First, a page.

Goat Milk? Are You “Kidding” Me?

Get it? Goat milk – kid-ding? Sorry, I couldn’t resist the pun. Anyway, the subject of goat’s milk as a substitute for cow’s milk has been getting some press lately in both consumer and trade publications so I thought I would do some investigation and see what all the hype was about. 

As it’s important to compare nutritional information, I went to our local Whole Foods and bought a quart of Meyenberg low-fat goat’s milk and a half-gallon of Whole Foods’ 365 brand low-fat cow’s milk. Both are free from antibiotics and recombinant bovine growth hormone (rBGH), a synthetic (man-made) hormone that is marketed to dairy farmers to increase milk production in cows. According to the Meyenberg web site, their low-fat goat’s milk is higher in calcium, Vitamins A and B, and potassium than cow’s milk. However, if you review their nutritional label and compare it to the 365 cow’s milk, those claims do not stand up. 

low fat whole foods 365 milk

365 Low-fat Milk from Whole Foods

Meyenberg low-fat goat milk

Meyenberg Low-fat Goat Milk


This particular brand of goat’s milk, when compared to this particular brand of cow’s milk, has the same amount of Vitamin A but less calcium and contains no Vitamin B or potassium. I’m not sure why Meyenberg is making these particular claims, but it is a good lesson that you should take the time to read the nutritional facts panel and not just the claims that appear on the package or a web site.

Here is a nutritional comparison of the two products: 

  • Goat’s milk has fewer Calories but more Calories from Fat
  • They are equal in Total Fat and Saturated Fat and contain no Trans Fat
  • Goat’s milk has less Cholesterol and Sodium
  • Goat’s milk contains no Potassium while cow’s milk has 13% of the Daily Value
  • Goat’s milk has less Total Carbohydrates and Sugar
  • Cow’s milk has 27% more Protein (11g v. 8g)

With regard to Vitamins and Minerals: 

  • They have identical amounts of Vitamins A and D
  • Cow’s milk has 2% Vitamin C and goat’s milk has 0%
  • Cow’s milk has 25% more Calcium than goat’s milk (40% vs. 30%)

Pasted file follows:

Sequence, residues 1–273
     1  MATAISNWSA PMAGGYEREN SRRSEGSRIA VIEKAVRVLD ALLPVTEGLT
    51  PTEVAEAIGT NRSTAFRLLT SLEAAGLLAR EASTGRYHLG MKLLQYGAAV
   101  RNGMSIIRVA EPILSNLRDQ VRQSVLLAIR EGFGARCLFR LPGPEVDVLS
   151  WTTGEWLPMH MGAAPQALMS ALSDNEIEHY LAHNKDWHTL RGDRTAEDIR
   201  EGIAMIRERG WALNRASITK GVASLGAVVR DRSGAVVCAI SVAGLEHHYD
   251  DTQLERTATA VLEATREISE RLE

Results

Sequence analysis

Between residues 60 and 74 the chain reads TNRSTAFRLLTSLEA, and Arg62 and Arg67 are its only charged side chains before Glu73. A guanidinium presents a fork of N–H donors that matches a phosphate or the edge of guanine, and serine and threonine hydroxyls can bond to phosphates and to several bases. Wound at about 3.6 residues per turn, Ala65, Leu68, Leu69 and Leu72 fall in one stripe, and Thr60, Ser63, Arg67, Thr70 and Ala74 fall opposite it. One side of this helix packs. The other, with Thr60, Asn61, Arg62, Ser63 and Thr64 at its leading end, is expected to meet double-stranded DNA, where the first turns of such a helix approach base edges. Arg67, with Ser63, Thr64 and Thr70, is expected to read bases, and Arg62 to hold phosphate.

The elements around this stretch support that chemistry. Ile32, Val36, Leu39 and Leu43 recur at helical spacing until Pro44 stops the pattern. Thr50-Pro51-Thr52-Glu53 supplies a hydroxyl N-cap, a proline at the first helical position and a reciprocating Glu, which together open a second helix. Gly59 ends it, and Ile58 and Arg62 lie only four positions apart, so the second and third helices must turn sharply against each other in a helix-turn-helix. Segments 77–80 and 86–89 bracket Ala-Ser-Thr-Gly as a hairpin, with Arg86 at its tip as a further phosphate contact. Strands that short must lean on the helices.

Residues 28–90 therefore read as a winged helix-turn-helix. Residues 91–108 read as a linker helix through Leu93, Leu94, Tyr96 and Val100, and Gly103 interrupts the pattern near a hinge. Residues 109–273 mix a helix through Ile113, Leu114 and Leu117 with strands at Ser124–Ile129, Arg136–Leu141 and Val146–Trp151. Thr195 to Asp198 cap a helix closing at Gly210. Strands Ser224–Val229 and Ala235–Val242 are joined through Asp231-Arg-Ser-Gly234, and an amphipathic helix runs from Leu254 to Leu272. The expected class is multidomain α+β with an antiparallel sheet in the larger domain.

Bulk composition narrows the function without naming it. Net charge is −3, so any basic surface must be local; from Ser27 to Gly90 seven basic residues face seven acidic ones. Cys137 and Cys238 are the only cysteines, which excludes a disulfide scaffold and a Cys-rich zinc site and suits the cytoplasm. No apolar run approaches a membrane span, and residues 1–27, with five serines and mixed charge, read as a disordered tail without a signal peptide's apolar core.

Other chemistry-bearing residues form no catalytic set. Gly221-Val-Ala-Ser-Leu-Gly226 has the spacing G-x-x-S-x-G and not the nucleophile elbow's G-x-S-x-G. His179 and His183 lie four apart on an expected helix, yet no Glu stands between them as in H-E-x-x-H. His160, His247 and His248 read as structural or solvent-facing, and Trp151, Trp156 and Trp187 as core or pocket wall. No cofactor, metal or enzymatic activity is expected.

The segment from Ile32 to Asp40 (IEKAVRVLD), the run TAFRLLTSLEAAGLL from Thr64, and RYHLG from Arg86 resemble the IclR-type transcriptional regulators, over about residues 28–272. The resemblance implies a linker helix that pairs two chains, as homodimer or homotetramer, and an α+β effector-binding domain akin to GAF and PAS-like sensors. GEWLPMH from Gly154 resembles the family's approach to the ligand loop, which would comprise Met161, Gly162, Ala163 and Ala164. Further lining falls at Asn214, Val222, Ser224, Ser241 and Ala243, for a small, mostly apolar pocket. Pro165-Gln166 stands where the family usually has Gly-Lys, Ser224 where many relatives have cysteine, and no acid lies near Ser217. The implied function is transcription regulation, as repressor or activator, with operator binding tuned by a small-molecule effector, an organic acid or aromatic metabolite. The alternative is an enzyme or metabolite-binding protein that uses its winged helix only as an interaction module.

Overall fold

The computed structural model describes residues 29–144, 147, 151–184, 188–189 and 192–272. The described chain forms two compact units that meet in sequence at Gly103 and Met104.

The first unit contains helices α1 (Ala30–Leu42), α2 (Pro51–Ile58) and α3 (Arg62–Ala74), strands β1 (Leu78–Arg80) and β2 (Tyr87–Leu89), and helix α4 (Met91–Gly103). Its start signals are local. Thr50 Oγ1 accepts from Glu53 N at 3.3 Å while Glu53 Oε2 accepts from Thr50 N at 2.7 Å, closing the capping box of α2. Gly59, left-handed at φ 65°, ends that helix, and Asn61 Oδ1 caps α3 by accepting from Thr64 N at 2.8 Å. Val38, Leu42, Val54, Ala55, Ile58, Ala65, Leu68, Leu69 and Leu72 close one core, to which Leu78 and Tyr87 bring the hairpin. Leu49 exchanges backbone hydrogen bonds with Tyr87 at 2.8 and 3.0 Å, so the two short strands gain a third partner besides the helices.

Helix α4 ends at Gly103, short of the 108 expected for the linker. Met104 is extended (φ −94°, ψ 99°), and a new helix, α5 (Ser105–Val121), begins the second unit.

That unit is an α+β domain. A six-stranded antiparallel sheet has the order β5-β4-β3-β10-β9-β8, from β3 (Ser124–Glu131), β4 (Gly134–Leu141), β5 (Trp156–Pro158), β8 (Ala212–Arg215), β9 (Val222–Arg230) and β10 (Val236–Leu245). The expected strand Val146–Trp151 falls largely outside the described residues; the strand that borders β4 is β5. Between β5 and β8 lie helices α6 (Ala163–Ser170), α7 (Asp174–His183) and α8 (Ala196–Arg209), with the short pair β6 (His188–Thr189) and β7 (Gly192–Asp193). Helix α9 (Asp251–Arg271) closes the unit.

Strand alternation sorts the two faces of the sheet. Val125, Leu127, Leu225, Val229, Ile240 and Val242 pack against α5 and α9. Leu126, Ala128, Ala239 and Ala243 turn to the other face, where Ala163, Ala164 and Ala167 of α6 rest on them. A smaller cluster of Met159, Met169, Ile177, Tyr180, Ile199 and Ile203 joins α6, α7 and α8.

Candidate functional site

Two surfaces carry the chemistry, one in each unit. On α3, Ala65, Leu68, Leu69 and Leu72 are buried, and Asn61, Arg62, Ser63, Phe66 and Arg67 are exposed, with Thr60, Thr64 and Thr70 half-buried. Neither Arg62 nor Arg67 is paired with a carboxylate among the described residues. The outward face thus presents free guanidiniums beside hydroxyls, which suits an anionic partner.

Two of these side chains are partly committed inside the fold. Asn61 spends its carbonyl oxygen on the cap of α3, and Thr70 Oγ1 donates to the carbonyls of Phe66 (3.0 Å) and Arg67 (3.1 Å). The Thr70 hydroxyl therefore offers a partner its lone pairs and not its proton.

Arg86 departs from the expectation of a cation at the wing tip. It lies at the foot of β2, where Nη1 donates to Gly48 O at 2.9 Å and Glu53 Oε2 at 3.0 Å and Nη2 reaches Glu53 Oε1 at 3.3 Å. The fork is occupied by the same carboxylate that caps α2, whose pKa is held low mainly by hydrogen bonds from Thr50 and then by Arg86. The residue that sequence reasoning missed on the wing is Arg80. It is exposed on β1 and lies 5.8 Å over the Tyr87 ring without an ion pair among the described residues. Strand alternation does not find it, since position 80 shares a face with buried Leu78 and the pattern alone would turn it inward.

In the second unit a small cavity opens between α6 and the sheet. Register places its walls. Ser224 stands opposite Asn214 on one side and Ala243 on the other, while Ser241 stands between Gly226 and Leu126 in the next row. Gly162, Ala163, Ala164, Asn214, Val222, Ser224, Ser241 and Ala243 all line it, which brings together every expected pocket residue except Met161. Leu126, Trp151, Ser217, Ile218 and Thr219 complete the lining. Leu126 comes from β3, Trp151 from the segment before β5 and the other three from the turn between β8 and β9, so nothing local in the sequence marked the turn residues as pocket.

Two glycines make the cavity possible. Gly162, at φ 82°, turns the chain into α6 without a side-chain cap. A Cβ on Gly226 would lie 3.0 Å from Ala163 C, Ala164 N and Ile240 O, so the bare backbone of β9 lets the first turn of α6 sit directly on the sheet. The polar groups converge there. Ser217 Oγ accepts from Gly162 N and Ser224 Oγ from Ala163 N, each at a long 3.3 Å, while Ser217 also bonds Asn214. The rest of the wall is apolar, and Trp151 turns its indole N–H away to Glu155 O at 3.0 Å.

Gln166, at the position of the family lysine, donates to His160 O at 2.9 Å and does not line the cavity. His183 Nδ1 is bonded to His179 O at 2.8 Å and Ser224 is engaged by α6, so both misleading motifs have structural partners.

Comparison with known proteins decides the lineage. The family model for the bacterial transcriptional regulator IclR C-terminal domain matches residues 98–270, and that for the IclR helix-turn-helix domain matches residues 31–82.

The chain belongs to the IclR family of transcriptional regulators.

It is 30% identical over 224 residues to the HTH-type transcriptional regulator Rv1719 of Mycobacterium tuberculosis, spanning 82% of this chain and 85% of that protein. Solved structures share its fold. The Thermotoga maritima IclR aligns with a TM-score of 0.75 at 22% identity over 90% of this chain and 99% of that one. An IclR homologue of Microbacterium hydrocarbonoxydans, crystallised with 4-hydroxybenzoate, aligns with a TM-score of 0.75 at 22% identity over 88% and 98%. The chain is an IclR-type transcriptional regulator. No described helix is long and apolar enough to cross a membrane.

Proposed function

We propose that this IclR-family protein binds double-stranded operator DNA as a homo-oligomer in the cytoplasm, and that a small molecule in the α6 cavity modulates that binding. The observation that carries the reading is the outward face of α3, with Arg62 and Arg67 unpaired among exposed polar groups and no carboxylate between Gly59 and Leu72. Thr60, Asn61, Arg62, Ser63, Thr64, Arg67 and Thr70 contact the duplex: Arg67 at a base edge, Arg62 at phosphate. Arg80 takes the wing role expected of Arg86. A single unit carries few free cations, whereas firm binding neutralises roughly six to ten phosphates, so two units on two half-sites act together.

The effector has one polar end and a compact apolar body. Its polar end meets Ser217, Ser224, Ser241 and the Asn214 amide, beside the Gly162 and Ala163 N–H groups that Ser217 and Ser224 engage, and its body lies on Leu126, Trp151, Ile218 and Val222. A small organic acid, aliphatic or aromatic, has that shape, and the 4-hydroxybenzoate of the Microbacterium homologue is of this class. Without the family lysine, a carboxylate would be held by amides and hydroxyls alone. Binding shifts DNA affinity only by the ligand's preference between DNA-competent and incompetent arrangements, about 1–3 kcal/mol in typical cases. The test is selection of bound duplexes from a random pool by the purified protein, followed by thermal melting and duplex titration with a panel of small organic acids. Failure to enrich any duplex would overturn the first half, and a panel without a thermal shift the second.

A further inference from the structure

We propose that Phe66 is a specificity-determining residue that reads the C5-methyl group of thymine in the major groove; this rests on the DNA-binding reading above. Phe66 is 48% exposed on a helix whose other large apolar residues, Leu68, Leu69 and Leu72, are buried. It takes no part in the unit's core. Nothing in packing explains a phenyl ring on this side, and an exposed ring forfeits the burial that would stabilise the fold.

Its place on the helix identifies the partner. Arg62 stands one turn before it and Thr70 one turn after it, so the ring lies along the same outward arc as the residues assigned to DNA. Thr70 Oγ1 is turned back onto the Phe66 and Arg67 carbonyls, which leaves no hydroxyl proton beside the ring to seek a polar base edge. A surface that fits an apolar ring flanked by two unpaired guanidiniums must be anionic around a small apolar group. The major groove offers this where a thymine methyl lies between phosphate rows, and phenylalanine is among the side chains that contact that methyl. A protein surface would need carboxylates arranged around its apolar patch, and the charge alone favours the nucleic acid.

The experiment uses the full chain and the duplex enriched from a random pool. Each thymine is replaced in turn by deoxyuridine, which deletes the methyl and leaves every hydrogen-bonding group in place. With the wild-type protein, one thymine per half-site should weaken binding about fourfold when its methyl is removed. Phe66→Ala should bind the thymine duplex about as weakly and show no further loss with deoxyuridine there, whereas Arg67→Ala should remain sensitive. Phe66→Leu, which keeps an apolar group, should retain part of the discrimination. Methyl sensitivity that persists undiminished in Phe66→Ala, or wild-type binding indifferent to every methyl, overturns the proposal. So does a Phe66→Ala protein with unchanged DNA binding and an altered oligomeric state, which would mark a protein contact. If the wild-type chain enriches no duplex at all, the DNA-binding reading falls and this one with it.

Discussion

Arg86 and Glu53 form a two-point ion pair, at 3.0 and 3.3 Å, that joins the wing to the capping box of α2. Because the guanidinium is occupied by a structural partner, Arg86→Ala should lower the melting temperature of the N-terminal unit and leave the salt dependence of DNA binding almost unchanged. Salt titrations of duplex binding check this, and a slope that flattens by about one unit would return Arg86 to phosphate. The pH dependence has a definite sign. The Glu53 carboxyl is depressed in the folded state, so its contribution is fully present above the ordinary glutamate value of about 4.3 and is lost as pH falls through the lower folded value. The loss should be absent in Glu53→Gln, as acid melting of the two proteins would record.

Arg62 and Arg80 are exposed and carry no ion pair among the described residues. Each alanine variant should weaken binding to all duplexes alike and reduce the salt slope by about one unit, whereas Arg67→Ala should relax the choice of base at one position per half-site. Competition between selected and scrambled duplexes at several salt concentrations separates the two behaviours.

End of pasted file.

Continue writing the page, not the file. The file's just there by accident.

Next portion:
According to supergoat.org, a consumer web site created by goat milk producers, goat’s milk has 15% more calcium and more Vitamin A and D, potassium, copper and manganese than cow’s milk. Perhaps this is true with other brands of goat’s milk, but this one has no copper or manganese and has less calcium than cow’s milk. I checked the goat’s milk against another brand (AltaDena) of low-fat cow’s milk and found similar results. The nutritional claims just don’t add up. 

Please know that I am not trying to bash the goat milk industry. Goat’s milk may have some benefits over cow’s milk, especially for some people who are lactose intolerant as goat’s milk has been found to be easier to digest. 

Laguna Beach Goats Brush Control

From an environmental perspective goats have a much smaller carbon “hoof” print as they don’t require as much energy, food or land as cows and produce far fewer greenhouse gases. Goats are also humanely treated as they are raised on family farms instead of factory farms. Plus, goats provide a valuable service—brush control. Here in Laguna Beach, as well as other parts of Southern California that are prone to brush fires, goats are used to eradicate brush from hillsides. In Laguna they are a sort of mini tourist attraction when they are feeding on the hills closest to town. It is fun to look up on the hill and see a herd of goats doing their “job”. 

So what does goat milk taste like? Well, it tastes a lot like cow’s milk. A little different, but not bad. On cereal I could hardly taste the difference. Some of the KeepWell team said it tasted a bit like goat cheese, which makes sense. I also tried Redwood Hill Farm’s goat milk yogurt. The consistency was a little thinner than I was used to, but it was still tasty.  

While I am disappointed with some of the results of my “investigation”, I’m happy to have tried, and learned, something new.

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February 2020
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